On the way over from the end of Reseda one thing is for sure — there had been no rain. The dirt roads and trails had been in great shape. It would have been an exaggeration to describe them as damp. Although cool and cloudy, the weather was excellent for running and I’d removed my sleeves miles ago.
The Trippet Ranch Loop is a favorite. I’d taken the fire roads out from the end of Reseda, now on the way back it would be almost entirely single track trail.
Some related posts: Trippet Ranch Oaks, Trippet Ranch Mule Deer, The Heavenly Ranch in the Hills, Ferns Along the Garapito Trail, Garapito Trail Runs
Horehound (Marrubium vulgare) is a herb in the mint family that is sometimes used to make bittersweet candy, tea and throat lozenges.
From Sunday’s run on the Garapito Trail.
From this morning’s run of the Garapito loop from Marvin Braude Mulholland Gateway Park at the southern end of Reseda Blvd.
Some related posts: Ferns Along the Garapito Trail, Garapito Trail Runs
Well, actually you could see some snow on Mt. Baldy and the higher peaks of the San Gabriel Mountains, but that snow was 50 miles away. So far there had been a little frost in the shadows and mud in the low spots of the fire roads of Topanga State Park, but not a patch of snow in sight.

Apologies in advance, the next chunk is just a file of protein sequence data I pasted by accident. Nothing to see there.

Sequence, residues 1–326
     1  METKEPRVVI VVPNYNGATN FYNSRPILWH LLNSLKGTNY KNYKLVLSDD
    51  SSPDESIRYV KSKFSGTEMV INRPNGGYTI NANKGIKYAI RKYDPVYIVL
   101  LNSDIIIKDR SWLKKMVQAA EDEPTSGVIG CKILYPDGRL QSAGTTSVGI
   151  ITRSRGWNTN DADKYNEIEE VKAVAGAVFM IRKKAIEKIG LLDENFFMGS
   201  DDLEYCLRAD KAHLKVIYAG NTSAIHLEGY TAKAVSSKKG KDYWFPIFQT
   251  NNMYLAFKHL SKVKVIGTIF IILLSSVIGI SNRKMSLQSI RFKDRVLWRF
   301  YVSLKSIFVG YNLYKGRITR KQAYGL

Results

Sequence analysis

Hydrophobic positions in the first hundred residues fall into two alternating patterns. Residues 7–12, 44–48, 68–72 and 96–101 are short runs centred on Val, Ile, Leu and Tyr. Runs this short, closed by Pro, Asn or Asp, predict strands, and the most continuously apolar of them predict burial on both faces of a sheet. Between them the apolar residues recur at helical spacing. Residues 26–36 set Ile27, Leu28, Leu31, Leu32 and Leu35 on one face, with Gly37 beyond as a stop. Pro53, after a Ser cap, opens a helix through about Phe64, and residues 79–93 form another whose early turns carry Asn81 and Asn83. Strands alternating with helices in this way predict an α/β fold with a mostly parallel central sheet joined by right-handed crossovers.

Lynn & Frank were heading back to the land of rain and snow for Christmas and there WAS snow on their local trails. More snow and bone-chilling temps were in the forecast, and a long snow-free run in the Santa Monica Mountains was a great way to celebrate the holidays!
We had taken a detour from the Backbone Trail to the top of Eagle Rock. After enjoying the view we would extend the detour down the Musch Trail and pick up the Backbone Trail at Trippet Ranch. From Trippet we would follow the Backbone Trail down into Topanga Canyon, up Hondo Canyon, over to Saddle Peak and then down to Malibu Canyon.
With a couple of short side trips the distance from the End of Reseda (Marvin Braude Mulholland Gateway Park) worked out to about 21 miles. The distance and elevation gain were about the same as last Saturday’s run — also on the Backbone Trail.
Related post: July Fourth Trail Run to Trippet Ranch, Hondo Canyon and Saddle Peak
Although we didn’t have the deluge they experienced in Central and Northern California, Southern California did get some rain. From Tuesday night (11/27) to Monday morning (12/3) Downtown Los Angeles (USC) recorded 1.03 inches, bringing the water year total to 1.36 inches. As of today that’s 1.08 inch below normal.
Some foothill and mountain stations were able to wring out much more rain from the moist tropical flow. Opids Camp recorded 3.02 inches, White Ledge Peak 4.09 inches, Refugio Pass 4.61 inches, and Rocky Butte 8.51 inches. For some storm totals from up north and more info about the “atmospheric rivers” that relayed the moisture up from the tropics, see my December 8 post on Southern California Weather Notes.
The photo above was taken between “storms” early Sunday morning, December 2, on a run in Topanga State Park. It started to rain shortly after I finished the run.
It looks like we might get a little more rain this next week, with a chance of rain on Wednesday and then maybe again on the weekend. We’ll see!